This may be controversial, but here's a thread on 5 problems I see with the #JohnSnowMemorandum.

I agree with the concept, but am worried about the message it sends.

I sympathize w/ those who have signed, submit this in the spirit of scientific debate.
First, I am no fan of surrender (aka "herd immunity") strategy articulated in #GreatBarringtonDeclaration. "Those...not vulnerable should immediately be allowed to resume life as normal" suggests vulnerable & non-vulnerable can be (a) identified & (b) kept apart. Both fallacies.
Second, full disclosure, I have a personal stake - an immediate family member has been in the hospital for months, with no visitation due to COVID restrictions. My pandemic life is not OK.

But with those caveats, here are my concerns.
1. Euro/N. America-centrism.
COVID cases are not skyrocketing everywhere - and the rest of the world watches Europe & the US. Increase restrictions in Europe, Africa/Asia will face pressure to do the same - worsening poverty, nutrition, disease (eg TB), inequalities, & health.
2. Scientific orthodoxy.
Calling this the "John Snow" memorandum, having hundreds of signatories, and publishing in The Lancet suggests that any sensible epidemiologist should agree. I would prefer to send a message of inclusivity/debate, not shame for those who feel differently.
3. Lack of empathy.
This pandemic has been emotionally, financially, socially devastating for so many. To my mind, any strategy for addressing this pandemic has to start here. How do we make life bearable again? We must start by acknowledging this and reaching out a hand.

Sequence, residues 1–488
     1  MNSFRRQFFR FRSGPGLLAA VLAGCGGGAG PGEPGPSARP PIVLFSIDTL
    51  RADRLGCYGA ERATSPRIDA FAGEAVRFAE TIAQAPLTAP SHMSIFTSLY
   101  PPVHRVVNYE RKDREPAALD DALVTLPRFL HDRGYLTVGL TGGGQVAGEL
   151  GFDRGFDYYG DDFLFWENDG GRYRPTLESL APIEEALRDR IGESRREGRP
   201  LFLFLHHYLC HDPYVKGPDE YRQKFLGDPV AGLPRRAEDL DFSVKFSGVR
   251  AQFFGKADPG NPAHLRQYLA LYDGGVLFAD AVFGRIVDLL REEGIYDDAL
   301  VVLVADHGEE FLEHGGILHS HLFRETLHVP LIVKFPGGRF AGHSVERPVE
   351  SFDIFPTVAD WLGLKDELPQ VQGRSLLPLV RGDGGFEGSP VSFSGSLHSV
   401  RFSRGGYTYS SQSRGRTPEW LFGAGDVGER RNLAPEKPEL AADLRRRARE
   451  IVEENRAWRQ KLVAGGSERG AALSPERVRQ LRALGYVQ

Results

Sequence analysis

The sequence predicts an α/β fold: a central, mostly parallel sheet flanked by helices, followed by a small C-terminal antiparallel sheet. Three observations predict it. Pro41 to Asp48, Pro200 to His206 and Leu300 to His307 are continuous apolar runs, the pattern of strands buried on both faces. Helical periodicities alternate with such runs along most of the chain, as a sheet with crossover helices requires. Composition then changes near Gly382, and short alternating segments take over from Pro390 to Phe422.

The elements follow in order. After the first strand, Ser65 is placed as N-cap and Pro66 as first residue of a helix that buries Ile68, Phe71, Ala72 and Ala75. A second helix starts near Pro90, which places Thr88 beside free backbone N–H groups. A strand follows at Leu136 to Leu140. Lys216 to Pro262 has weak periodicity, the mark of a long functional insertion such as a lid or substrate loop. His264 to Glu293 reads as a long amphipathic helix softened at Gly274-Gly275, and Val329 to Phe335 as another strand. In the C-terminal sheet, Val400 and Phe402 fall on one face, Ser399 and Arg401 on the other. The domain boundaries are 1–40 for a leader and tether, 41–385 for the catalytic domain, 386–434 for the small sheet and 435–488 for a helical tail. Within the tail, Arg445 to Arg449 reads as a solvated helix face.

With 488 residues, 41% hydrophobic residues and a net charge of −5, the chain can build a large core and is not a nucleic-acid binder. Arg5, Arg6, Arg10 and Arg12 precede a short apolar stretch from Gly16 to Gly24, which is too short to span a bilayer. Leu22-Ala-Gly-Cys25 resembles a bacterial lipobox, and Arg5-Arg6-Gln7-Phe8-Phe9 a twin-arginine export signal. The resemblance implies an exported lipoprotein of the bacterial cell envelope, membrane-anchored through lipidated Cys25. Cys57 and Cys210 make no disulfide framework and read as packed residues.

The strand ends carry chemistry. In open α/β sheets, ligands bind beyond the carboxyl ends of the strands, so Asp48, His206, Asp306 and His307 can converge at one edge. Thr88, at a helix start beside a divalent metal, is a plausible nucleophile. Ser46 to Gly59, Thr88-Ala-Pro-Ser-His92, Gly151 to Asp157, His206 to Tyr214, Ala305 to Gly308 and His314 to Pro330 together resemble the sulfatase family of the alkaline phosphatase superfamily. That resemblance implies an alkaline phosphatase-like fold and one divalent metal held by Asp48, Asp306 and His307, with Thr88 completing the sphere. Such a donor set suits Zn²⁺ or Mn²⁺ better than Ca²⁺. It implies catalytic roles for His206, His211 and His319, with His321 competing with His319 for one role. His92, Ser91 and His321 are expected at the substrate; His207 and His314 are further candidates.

4. Unintended messages.
Even though the document is clear that lockdowns are to be avoided, the tone of "it is critical to act decisively and urgently" suggests that something drastic needs to change. After giving so much already, I'm not sure the public has the stomach for more.
5. No platform.
Ultimately, this document advocates for "effective measures that suppress and control transmission". But measures aren't specified. I think we as scientists need to be for something, not just against doing nothing. And to be for something tolerable & fair.
What would I say?
- This pandemic sucks - and it's not fair.
- The restrictions we have endured so far have saved millions of lives.
- We have a societal duty to support those who continue to be most affected, and to protect those who are still at risk.
- Simple measures - wearing masks, restricting gatherings, testing, keeping distance in public - work. And don't shut down the economy.
- Our response should reflect the level of transmission - if more people are dying, these measures should be enforced more strictly.
- Do what you need to do to keep yourself and your loved ones well, without endangering others.
- We have come so far already, we can't give up now.
- Things will not be like this forever. Long term, humanity vs coronavirus, my money is on humanity.

Humbly submitted for debate.

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More from @davidwdowdy

28 Sep
After sitting in study section last week reviewing proposals for K-series career development awards, thought I'd list my top 5 reasons why such proposals fail. (Not linked to any one submission.)

Junior scientists who might be interested in applying - avoid these pitfalls!!
1. The primary mentor(s) never read the proposal in detail.

Many applications have clear holes in logic that no mentor would let through.

Give your mentors enough time to review your proposal, and steer away from mentors who will not spend the time to offer you comments.
2. The candidate is not quite ready.

Reviewers like to see upward trajectory and (if K22/K99) near-independence.

Be strategic about when you apply. Not a bad idea to put in an initial submission before major papers come out, so you look like a "rising star" on resubmission.
Read 7 tweets
22 Sep
It's tough to compose science-related tweets when a family member is hurting.